You know that you are deep into a longstanding bull market when you see things like average pedestrians keeping one eye on the market tickers outside of brokerage houses to see when the Dow Jones Industrial Average has finally breached the 20,000 mark. Who would have thought that there was much good to come when the beginning of 2016 got off to such a rocky start, tumbling 10% in the first two weeks—the worst start to a year since 1930? Nevertheless, the markets eventually bottomed in mid-February and began a long, slow recovery. While the U.S. markets suffered a setback in June when the U.K. decided to leave the Eurozone, and endured another hard bump right after the elections, in the end, we were not disappointed.
The final quarter provided U.S. stock investors with impressive gains. The Wilshire 5000, the broadest measure of U.S. stocks, was up 4.54% in the fourth quarter of 2016 and ended the year up 13.37%. It was also a year to remember for investors in small company stocks. The Russell 2000 Small-Cap Index finished the year up 21.31% after producing an astonishing 11% return in November alone.
Unfortunately, rising U.S. equity prices came at the expense of core bond and international stock returns. The overall U.S. bond market gained 2.65% for the year, but that hid a fourth quarter decline of 3.2% as rising interest rates resulted in the worst quarterly performance for bonds in 35 years. Expectations for rising inflation, along with the Federal Reserve’s December decision to raise interest rates, further contributed to falling bond prices. Emerging Market stocks also declined, falling 4.8% in the final quarter. Nevertheless, the combination of portfolio increases and decreases still resulted in better than average returns across the allocations.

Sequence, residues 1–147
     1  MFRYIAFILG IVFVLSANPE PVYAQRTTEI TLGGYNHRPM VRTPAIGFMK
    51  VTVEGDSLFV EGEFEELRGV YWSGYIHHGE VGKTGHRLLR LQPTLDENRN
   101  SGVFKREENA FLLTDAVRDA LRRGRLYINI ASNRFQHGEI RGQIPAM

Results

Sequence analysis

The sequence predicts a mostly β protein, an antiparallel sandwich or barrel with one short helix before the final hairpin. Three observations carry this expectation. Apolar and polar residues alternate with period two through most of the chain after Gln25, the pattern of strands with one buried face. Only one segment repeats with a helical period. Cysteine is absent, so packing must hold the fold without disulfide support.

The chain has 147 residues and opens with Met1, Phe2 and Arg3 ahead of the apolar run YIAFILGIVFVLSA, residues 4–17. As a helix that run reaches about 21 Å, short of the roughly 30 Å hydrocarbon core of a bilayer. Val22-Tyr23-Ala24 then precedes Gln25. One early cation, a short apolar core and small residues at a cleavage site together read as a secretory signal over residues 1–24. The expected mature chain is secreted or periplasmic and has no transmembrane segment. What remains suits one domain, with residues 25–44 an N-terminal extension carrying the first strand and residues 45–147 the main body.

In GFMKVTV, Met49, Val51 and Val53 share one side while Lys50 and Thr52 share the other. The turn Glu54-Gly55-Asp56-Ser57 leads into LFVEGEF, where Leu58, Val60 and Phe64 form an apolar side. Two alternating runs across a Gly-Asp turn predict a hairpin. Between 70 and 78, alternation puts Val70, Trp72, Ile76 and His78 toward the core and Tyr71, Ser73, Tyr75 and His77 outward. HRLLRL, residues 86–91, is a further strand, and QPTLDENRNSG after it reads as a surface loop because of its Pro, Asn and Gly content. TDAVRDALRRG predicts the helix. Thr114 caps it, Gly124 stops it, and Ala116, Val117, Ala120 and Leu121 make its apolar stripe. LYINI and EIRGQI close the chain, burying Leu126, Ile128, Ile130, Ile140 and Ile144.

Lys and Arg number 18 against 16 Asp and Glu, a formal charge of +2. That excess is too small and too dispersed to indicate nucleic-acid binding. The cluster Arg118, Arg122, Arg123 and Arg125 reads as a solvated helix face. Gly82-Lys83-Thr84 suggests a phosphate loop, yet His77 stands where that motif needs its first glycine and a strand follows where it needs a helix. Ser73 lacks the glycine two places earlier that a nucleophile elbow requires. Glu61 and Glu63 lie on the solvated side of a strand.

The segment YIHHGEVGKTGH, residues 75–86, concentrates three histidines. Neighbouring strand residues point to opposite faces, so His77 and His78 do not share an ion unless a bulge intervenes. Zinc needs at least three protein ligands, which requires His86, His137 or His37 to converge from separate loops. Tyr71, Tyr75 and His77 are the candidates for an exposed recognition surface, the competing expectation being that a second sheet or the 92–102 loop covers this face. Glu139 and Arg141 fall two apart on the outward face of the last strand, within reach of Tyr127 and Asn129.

Here are the broad index returns through the Fourth Quarter of 2016:
|U.S. Large Cap Stocks||12%||Emerging Market Stocks||11.6%|
|U.S. Small Cap Stocks||21.3%||Commodities||11.8%|
|U.S. Real Estate||8.6%||U.S. Aggregate Bonds||2.6%|
|Overseas Stocks||1.5%||International Bonds||1.9%|
Core bonds are likely to continue to struggle over the next market cycle. The combination of the Fed’s plans for three additional interest rate hikes and an incoming presidential administration that promises to significantly increase spending could mean higher debt servicing costs for both consumers and the government (i.e., taxpayers). Placing a greater emphasis on flexible fixed-income strategies is essential to helping the bond portfolio contribute to the overall portfolio return but it cannot completely remedy the issue. Interest rates are still historically low, where the 10-Year Treasury is now yielding 2.45% versus an average over the last 58 years of 6.15%. The result can only mean lower portfolio returns than has been experienced on average in the last 50 years. Fortunately, inflation is also low and net “real” returns (your portfolio return minus inflation) should continue to fall within an acceptable range over a sufficiently long period of time.
Reflecting again on the financial markets’ rocky start to 2016, it is also important to remember how quickly trends can change. While it is unclear how 2017 will play out, since precise inflection points in market performance are impossible to predict, European corporate earnings and eventually stock prices are poised for recovery and valuations in Emerging Market stocks remain favorable. In contrast, U.S. stocks appear somewhat overvalued and have continued to increase despite their historically high price-to-earnings multiples. As interest rates rise, we may see a weakening in the support that the low rates of the past decade have afforded U.S. stock prices. Corporate tax cuts would likely help support higher prices, but over a full market cycle, valuations tend to matter materially while chasing baseless momentum is a recipe for disappointment. Optimistically, short-term market traders seem to be expecting a robust economic stimulus combined with lower taxes and deregulatory policies that would boost the short-term profits of American corporations. But it is helpful to remember that we are entering the ninth year of economic expansion, making this the fourth longest since 1900, and many economists are predicting a recession within the next few years. The best recipe for portfolio success is broad diversification to help ensure the portfolio has upside potential and downside protection across diverse economic outcomes.